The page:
For the Safety of Students: Five Questions for Mary Koss

Mary P. Koss, Ph.D.

With close to 300 peer-reviewed publications and a number of academic awards to her name, it’s hard to believe that University of Arizona Regents’ Professor Mary P. Koss once had to fight her way into the doctoral program in psychology at the University of Minnesota. Her test scores put her head and shoulders above other applicants, but it took a tense meeting with the department head — in which she let a bit of profanity slip out — to finally get accepted into their graduate school. Clinical psychology was a very male-dominated field in the early 1980s, when she was starting her career, and that was all too clear when a colleague shared his idea for a study that would explore male undergraduates’ attitudes toward rape — by having models pose in varying sizes of padded bras and be rated for their desirability and culpability if raped.


The term date rape was first used in the news media 35 years ago this month.


From that conversation, though, came the seed of an idea that would soon set Dr. Koss apart from her peers. At that time, Dr. Koss was at Kent State in Ohio, still years before she joined the University of Arizona. She made a name for herself studying campus sexual assault by developing a survey that revolutionized efforts to gauge respondents’ experiences of sexual aggression and victimization, revealing a higher prevalence than previously thought. Her initial study was publicized 35 years ago this month, in Ms. Magazine’s September 1982 issue, in an article that also marked the first time a national news publication used the term date rape. Both Dr. Koss’ research and the introduction of that term to the national conversation were game-changers in many ways.

At the time the article was published, most rape-prevention programs on college campuses were relatively new and narrowly focused on the danger posed by strangers — the assailants waiting in alleyways, rather than the familiar faces in classrooms or dorms. Dr. Koss’ research, as well as the stories writer Karen Barrett reported from Stanford University and the University of Connecticut for the Ms. article, revealed that many cases of rape, especially those committed by the victims’ peers and acquaintances, were often ignored, denied, or misunderstood as something other than rape. The concept of date rape helped many people recognize rape — their own or others’ — that had been perpetrated by people known to the victims.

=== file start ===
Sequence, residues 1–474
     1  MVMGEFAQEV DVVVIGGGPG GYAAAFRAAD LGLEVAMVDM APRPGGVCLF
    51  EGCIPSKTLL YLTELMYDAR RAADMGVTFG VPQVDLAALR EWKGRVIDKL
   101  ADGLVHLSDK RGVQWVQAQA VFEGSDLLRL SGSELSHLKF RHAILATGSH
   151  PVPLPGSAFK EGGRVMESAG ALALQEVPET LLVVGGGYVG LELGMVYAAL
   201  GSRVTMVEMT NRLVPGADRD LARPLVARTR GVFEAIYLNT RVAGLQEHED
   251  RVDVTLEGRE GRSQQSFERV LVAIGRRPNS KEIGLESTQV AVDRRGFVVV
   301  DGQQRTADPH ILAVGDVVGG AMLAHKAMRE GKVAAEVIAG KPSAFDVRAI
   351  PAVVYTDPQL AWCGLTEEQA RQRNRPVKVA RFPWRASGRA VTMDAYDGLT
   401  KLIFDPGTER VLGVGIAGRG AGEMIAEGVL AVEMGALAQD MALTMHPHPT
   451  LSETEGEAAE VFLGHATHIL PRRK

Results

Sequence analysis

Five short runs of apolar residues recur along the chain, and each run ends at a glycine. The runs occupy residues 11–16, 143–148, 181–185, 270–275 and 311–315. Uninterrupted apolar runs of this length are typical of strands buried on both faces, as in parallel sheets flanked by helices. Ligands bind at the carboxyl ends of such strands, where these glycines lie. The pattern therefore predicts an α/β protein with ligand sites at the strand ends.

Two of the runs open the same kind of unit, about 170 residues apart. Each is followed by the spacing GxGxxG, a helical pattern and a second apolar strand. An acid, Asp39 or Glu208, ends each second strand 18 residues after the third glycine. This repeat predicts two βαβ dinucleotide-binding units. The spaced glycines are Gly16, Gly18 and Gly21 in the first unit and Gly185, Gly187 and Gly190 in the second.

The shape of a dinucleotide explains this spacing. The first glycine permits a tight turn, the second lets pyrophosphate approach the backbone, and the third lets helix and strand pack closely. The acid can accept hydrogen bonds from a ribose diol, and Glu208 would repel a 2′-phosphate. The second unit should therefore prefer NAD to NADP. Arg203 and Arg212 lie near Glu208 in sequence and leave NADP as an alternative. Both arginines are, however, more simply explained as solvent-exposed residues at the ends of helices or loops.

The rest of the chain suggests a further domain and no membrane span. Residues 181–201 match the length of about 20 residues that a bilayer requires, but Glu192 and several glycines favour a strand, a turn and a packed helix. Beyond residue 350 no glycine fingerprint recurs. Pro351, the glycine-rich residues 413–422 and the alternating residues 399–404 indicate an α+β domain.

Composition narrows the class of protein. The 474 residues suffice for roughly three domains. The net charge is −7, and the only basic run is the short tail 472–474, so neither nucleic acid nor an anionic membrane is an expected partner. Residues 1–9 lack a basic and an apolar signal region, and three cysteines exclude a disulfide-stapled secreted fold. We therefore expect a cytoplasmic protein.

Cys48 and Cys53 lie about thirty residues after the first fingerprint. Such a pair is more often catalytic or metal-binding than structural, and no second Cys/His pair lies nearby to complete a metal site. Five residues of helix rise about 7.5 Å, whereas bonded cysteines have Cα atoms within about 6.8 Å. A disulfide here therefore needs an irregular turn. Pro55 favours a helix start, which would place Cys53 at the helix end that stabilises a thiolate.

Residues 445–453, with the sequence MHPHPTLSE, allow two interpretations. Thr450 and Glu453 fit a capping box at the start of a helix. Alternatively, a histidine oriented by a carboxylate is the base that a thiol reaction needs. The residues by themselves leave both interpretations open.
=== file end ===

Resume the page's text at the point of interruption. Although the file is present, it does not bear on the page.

Greater awareness and understanding of the problem of campus sexual assault soon followed, but the 35 years since then have seen both progress and setbacks. In fact, as the anniversary of that historic Ms. article approached, news began coming from the Department of Education that Secretary of Education Betsy DeVos vowed to revisit Obama-era policies that addressed campus sexual assault. A series of information-gathering meetings included a group that, according to the Southern Poverty Law Center, seeks “to roll back services for victims of domestic abuse and penalties for their tormentors.” Continue reading

Meet Our Candidates: Corin Hammond for State Representative, LD 11

The Arizona primary election will be held on August 30, 2016. Reproductive health care access has been under attack, both nationally and statewide, but Planned Parenthood Advocates of Arizona has endorsed candidates who have shown strong commitment to reproductive justice. To acquaint you with our endorsed candidates, we are running a series called “Meet Our Candidates.” In order to vote in the primary election, you need to have been registered to vote by August 1. Missed the deadline? You can still register online for November’s general election. Make your voice heard in 2016!